Banksy’s former right-hand man has released a set of previously unseen photographs of one of the anonymous street artist’s audacious public installations.
Steve Lazarides ― who chronicles the 11 years he spent working with the artist in his new book “Banksy Captured” ― this week shared with HuffPost a series of newly resurfaced images he took of a stunt they pulled together in London’s busy Piccadilly Circus in 2003.
Banksy transformed a helium-filled sex doll into a child being carried into the sky by a gigantic McDonald’s-branded balloon for the piece, one of several similar installations he unleashed on unsuspecting passersby in the English capital in the early noughties.
Lazarides explained how Banksy taped the doll’s legs to shorten its height and came up with a genius way of anchoring the piece to a lamppost that involved looping the wire around the doll’s ankle.
Banksy fled the scene soon after attaching the artwork. Lazarides remained in place to take photographs of the reaction. He recalled being particularly tickled by the response from police officers.
“It was hysterical. I sat there and watched three or four groups of police drive by, take a look at it, stop, think ‘fuck this’ and go,” he remembered.
“It’s a bit like the line from ‘The Hitchhiker’s Guide To The Galaxy’ that it’s a ‘Someone Else’s Problem Field,’” he added. “They thought we could do something about this, but 1,000 tourists are going to take our picture and we’re going to look like absolute dicks, so they just drove off.”
The piece remained in place for six hours “until helium started slowly leaking out and the whole thing ended with it being ingloriously hit by a bus,” Lazarides said.
But at no point did the pair (who were the only ones in on the stunt) fear being arrested, said Lazarides.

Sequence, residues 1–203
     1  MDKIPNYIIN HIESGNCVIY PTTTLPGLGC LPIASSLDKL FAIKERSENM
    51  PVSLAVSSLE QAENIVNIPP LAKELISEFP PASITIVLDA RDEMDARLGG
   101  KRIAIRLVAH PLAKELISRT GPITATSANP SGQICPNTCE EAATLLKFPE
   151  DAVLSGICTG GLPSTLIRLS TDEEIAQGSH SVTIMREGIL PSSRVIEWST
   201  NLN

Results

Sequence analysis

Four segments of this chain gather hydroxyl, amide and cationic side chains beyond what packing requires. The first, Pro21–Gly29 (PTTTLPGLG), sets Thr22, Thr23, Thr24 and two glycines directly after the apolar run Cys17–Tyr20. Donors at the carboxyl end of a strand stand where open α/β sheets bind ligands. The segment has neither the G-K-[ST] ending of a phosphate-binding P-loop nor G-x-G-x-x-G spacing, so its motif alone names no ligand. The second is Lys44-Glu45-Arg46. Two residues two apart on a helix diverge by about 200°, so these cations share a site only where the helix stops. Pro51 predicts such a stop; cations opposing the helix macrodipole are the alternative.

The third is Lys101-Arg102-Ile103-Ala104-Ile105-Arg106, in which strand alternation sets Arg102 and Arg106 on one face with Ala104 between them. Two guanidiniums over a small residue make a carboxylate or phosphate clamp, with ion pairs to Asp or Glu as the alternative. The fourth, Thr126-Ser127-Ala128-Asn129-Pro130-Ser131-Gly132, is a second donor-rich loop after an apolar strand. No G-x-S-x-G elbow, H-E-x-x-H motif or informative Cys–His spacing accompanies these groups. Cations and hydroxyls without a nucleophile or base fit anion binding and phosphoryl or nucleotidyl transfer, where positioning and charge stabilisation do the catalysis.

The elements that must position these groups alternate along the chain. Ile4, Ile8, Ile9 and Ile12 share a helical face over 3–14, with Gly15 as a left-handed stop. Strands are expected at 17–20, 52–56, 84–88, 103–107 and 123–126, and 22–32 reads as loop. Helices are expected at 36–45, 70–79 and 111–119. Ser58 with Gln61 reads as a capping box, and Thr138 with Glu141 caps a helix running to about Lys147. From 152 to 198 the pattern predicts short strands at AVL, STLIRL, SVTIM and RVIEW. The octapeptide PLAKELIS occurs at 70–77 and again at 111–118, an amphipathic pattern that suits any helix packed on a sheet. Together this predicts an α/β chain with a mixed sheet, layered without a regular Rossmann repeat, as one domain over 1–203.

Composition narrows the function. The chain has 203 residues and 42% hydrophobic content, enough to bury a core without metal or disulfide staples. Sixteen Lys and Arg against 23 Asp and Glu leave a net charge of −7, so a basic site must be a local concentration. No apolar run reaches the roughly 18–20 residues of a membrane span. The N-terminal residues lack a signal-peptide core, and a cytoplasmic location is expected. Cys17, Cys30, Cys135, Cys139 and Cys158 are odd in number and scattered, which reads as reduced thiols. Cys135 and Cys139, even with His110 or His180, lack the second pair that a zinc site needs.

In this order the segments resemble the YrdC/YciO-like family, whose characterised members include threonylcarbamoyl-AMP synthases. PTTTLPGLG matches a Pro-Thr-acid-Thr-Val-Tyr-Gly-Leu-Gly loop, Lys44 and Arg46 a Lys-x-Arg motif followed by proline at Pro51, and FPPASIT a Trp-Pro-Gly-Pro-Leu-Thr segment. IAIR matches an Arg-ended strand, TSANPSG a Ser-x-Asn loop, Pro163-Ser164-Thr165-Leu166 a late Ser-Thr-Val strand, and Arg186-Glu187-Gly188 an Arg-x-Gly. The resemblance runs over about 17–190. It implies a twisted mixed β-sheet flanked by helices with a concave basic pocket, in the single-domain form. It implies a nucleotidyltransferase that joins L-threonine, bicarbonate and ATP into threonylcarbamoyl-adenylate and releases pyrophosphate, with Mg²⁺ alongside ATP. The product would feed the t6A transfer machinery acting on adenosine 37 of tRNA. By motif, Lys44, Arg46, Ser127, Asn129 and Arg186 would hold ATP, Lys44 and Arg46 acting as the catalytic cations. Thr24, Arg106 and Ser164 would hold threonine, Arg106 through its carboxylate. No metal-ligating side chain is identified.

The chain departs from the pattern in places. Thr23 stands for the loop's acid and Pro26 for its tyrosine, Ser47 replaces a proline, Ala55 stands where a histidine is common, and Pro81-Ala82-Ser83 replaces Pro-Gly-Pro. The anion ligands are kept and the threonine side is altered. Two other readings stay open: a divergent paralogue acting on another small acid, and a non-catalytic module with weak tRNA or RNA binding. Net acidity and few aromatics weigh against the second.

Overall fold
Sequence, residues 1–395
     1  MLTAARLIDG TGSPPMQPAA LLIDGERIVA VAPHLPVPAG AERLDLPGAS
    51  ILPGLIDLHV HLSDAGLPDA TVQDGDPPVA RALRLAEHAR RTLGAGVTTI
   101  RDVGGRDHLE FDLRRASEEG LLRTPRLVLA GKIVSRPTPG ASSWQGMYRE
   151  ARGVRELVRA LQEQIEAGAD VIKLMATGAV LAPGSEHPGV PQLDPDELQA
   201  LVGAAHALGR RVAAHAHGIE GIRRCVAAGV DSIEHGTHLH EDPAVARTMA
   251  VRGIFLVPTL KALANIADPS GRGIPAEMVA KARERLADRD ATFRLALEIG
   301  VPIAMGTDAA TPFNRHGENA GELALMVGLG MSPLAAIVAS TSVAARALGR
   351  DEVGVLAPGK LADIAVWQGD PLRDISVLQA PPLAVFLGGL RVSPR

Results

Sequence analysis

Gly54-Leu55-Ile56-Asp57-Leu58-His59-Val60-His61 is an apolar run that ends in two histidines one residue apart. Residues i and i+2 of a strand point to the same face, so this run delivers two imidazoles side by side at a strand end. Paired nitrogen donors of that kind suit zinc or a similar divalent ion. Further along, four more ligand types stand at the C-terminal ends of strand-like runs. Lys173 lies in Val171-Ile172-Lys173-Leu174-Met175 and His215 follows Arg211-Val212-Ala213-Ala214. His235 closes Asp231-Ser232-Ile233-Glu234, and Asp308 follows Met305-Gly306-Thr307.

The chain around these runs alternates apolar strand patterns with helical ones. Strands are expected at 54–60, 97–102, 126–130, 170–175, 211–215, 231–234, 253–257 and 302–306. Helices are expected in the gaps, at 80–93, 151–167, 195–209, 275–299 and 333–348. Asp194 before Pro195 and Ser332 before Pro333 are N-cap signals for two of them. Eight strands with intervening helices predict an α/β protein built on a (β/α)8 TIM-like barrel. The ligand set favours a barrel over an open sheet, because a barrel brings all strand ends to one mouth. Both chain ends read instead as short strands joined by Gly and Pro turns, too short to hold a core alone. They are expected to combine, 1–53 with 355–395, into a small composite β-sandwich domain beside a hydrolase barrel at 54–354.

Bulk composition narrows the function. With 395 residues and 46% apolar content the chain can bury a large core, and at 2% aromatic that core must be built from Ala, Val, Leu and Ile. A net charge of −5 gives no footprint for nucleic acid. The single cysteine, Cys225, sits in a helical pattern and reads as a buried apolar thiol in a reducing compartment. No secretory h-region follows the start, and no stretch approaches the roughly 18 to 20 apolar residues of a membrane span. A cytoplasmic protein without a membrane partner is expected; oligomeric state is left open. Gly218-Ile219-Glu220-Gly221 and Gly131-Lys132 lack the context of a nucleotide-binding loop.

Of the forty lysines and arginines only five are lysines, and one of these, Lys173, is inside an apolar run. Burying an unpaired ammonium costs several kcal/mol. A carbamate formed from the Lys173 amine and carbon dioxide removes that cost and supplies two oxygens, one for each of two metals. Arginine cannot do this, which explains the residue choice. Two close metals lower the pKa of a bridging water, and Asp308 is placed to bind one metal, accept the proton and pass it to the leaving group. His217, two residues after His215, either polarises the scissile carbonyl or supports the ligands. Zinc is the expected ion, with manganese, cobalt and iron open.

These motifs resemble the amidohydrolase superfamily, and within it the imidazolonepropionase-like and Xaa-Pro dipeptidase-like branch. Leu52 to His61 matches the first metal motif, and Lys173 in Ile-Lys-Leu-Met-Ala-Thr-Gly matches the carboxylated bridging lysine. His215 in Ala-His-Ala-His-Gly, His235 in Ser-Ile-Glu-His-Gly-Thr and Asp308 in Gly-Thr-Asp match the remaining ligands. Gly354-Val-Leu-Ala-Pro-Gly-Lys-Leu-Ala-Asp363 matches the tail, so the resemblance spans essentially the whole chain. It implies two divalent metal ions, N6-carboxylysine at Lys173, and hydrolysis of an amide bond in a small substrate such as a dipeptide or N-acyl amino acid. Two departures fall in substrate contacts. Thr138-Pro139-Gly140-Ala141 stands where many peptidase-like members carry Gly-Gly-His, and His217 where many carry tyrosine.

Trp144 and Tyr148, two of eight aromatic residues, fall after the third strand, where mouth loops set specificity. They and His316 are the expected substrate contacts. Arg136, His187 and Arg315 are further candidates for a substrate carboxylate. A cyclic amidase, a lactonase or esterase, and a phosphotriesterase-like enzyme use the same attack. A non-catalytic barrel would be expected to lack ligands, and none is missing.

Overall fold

“It’s amazing. If you think in this new era, the chance of being able to do that and not be tracked by CCTV the minute you leave your house is now zero,” he said. “It’s insane what we got away with back then.”
Lazarides, who like Banksy hails from Bristol in southwest England, released the first volume of his book documenting his time with the artist earlier this month.
It features hundreds of images he took from 1997 until 2008. Many of the pictures existed only as film negatives in boxes in his attic until two years ago, when he began the arduous task of scanning them.
Banksy himself features in some of the shots, always with his face obscured.
The book’s initial print run of 5,000 sold out in 23 hours. A second run, featuring a different cover, is now on sale.
Lazarides said he was “ecstatic” at the response and is now planning a second volume with different images, possibly including the long-forgotten floating girl ones that he discovered on an old hard drive last week.
“It was like finding a little pot of gold,” he said. “It’s another element that cements the story of his early career that, without trying to sound like too much of a twat, it’s like documenting the birth of a legend.”